Friday, September 08, 2006

Seattle coffee culture starts with roaster


By ALLISON LINN / Associated Press

The battle for the best cup of coffee in Seattle is waged long before liquid hits cup, in cavernous rooms where coffee beans are piled high and noisy equipment churns out each company's unique coffee roast.

Many of Seattle's local roasters insist their small scale, decades-old roasting machines and intense attention to detail allows them to make a better cup of coffee than industry giant and hometown competitor Starbucks Corp.

Seattle's Caffe Vita roasts about 3,000 pounds of coffee a day, mostly in 80-pound batches, using circa 1939 equipment. In a cavernous, loud room behind one of the company's shops, the roasters say they judge whether a batch is done by listening, watching and smelling the coffee as it swirls around a big vat.

"It's full senses," says Andrew Daday, Caffe Vita's lead roaster.

Several times a week, Zoka Coffee owner Jeff Babcock heads down to the roasting plant located below his corporate offices to slurp spoonfuls of fresh coffee with the small group of roasters, who "cup" — or taste — the coffee twice a day to ensure quality .

"It's fine art," he says of the roasting and tasting process.

By contrast, Starbucks' 350,000-square foot roasting, packaging and warehouse plant in suburban Kent churns out up to 1.5 million pounds of coffee per week, using high-tech computer controls to monitor roasting equipment that can handle 400- to 600-pound batches of beans. The coffee there is subjected to periodic quality checks as well.

All three companies insist that they are roasting in small enough batches to guarantee quality.

"We're still a specialty coffee producer," says Gregg Clark, director of Starbucks' plant operations.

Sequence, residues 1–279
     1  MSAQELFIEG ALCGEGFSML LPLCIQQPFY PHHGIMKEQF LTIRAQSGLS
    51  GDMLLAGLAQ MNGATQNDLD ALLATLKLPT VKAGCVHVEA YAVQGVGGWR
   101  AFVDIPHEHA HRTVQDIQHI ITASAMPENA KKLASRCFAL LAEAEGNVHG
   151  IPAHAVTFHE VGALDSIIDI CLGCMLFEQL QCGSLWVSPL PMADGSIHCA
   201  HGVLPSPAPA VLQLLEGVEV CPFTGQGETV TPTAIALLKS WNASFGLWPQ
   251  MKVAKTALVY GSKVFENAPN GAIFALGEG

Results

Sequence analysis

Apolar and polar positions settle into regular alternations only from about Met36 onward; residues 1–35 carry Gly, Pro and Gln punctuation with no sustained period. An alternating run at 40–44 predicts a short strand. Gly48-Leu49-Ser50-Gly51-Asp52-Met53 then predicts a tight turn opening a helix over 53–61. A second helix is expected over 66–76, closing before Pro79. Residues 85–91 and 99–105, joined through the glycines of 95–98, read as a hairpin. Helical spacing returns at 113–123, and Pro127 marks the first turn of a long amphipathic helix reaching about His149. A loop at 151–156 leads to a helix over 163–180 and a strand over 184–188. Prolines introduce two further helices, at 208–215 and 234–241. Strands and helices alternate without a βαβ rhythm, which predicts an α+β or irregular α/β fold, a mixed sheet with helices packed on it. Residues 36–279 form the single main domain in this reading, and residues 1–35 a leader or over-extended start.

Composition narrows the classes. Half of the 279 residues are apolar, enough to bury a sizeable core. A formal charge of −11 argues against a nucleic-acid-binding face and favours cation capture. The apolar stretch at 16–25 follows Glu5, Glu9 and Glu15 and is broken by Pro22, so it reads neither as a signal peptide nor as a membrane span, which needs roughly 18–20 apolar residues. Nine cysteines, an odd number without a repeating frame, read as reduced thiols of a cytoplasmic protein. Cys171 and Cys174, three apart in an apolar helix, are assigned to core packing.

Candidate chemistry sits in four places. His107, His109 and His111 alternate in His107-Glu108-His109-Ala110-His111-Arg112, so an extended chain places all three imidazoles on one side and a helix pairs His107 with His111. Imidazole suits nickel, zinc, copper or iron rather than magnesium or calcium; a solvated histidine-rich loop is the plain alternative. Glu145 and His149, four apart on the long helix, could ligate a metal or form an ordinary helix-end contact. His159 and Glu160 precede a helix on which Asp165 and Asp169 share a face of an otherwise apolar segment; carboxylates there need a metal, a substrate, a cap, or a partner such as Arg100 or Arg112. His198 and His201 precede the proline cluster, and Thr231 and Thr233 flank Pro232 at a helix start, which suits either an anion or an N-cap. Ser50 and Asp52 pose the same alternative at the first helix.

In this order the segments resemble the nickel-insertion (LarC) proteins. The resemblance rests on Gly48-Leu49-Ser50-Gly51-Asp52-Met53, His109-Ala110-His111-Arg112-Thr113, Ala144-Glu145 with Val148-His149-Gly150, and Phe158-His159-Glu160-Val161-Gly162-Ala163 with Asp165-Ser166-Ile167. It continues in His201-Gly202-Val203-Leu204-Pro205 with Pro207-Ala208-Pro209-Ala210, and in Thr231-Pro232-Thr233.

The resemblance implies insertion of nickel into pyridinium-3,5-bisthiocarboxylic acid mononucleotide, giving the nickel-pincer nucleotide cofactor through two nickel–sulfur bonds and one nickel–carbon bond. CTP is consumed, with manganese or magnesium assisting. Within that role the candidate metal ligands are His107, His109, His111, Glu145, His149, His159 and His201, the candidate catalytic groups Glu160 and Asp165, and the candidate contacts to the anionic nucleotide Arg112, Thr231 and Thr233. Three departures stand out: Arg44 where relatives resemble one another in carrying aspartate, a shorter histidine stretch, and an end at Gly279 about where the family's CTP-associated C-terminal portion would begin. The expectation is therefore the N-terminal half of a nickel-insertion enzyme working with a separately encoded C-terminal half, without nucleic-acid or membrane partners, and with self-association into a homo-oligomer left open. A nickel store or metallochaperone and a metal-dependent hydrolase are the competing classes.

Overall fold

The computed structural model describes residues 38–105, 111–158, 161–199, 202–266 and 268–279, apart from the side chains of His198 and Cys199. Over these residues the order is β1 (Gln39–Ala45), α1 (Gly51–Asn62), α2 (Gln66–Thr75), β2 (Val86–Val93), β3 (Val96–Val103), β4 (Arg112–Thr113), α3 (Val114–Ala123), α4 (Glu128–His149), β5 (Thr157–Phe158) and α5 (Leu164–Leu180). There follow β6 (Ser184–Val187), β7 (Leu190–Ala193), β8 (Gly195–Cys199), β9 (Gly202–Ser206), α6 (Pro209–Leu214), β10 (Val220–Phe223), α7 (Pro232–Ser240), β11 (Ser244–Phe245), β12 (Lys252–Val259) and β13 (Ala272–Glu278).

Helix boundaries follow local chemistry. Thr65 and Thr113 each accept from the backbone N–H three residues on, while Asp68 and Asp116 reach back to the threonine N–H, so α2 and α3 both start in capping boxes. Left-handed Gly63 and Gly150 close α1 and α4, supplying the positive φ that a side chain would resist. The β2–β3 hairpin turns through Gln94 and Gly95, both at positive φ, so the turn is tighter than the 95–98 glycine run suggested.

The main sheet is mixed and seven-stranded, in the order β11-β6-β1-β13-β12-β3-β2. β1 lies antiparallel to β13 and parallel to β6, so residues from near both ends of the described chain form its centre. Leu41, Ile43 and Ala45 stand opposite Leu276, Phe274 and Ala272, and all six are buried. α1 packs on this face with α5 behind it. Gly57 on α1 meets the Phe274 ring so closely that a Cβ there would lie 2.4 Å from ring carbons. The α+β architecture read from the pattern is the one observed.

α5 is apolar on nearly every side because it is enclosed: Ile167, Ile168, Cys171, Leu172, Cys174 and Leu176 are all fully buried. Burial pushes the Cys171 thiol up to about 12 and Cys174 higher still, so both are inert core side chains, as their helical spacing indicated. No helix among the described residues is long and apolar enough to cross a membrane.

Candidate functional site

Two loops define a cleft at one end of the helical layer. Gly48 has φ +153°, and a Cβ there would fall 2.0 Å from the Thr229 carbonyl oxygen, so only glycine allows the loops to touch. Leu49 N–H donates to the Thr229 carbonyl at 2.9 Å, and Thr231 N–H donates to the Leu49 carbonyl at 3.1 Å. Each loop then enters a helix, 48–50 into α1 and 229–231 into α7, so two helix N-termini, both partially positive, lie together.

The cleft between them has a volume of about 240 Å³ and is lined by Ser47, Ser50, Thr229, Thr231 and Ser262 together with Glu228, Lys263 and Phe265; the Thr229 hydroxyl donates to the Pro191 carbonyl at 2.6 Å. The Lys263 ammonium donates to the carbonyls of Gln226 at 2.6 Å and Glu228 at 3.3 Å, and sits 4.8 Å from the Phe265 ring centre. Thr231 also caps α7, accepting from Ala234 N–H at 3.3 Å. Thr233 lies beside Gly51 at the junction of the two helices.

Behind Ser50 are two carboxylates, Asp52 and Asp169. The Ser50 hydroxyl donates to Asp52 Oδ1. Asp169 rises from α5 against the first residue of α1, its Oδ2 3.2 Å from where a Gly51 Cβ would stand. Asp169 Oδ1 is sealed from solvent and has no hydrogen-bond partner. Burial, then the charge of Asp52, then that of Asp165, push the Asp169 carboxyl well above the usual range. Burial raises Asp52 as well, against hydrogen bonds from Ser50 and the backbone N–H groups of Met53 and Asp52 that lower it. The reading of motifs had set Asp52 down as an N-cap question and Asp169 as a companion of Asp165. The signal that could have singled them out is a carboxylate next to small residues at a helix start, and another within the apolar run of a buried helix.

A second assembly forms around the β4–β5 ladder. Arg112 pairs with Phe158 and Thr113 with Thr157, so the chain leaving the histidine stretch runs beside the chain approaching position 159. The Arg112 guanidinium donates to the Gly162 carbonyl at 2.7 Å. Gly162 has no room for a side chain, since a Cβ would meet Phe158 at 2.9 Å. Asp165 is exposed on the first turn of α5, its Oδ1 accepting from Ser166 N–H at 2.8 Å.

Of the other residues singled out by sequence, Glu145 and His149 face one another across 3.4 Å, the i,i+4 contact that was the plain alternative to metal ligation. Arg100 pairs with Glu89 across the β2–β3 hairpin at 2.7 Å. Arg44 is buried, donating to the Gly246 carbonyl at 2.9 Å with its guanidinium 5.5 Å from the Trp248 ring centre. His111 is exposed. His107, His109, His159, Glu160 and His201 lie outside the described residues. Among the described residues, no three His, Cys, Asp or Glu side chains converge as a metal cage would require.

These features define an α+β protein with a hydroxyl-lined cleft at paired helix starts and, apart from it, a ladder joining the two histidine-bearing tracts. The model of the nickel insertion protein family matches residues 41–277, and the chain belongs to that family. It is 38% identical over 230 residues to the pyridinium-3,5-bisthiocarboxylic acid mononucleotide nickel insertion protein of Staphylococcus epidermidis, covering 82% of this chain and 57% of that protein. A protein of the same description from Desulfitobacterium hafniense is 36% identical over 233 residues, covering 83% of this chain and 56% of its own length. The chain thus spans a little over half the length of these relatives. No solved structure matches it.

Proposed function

'Ethical' coffee workers paid below legal minimum

By Hal Weitzman in Lima

Published: 8/9/2006 Last Updated: 8/9/2006 21:05 London Time

"Ethical" coffee is being produced in Peru, the world's top exporter of Fairtrade coffee, by labourers paid less than the legal minimum wage. Industry insiders have also told the FT of non-certified coffee being marked and exported as Fairtrade, and of certified coffee being illegally planted in protected rainforest.

This casts doubt on the certification process used by Fairtrade and similar marks that require producers to pay the minimum wage.

It also raises questions about the assurances certifiers give consumers about how premium-priced fair trade coffee is produced.

As the board member of one Peruvian Fairtrade-certified coffee producer told the FT: "No certifier can guarantee they will purchase 100 per cent of a co-operative's production, so how can they guarantee that every bag will be produced according to their standards?"

Though certified coffee makes up less than 2 per cent of the global coffee trade it has become increasingly mainstream as large retailers such as Starbucks and McDonald's adopt it.

The FT visited five Peruvian smallholdings, all of which have Fairtrade certification.

Each farm hires 12-20 casual coffee pickers during the harvest season. All house and feed their workers, which allows them to deduct 30 per cent from their wages.

After that reduction from the legal daily minimum wage for casual agricultural workers of 16 soles ($5), farm owners are still obliged to pay at least 11.20 soles a day. In four of the five farms visited by the FT, pickers received 10 soles a day, while the other farm paid workers 12 soles a day.

Luuk Zonneveld, managing director of Fairtrade Labelling Organizations International, the Bonn-based body that sets fair trade standards, told the FT that the certification system "is not fool- and leak-proof" but said the problem should be put in context.

"Poor farmers often struggle to pay their workers fairly," he said. "Why are casual labourers there at all? There are wider issues here. We need to ask why this goes on and what we can do to help."

A number of industry insiders told the FT they had also witnessed fraud within the certification system which resulted in coffee from uncertified sources being exported as Fairtrade.

The FT has also been told of Fairtrade coffee being planted in protected national forest land in the northern Peruvian jungle. Using global satellite mapping, a Canadian NGO found that about one-fifth of all coffee production in one Fairtrade-certified association was illegally planted in protected virgin rainforest.

The Financial Times Ltd.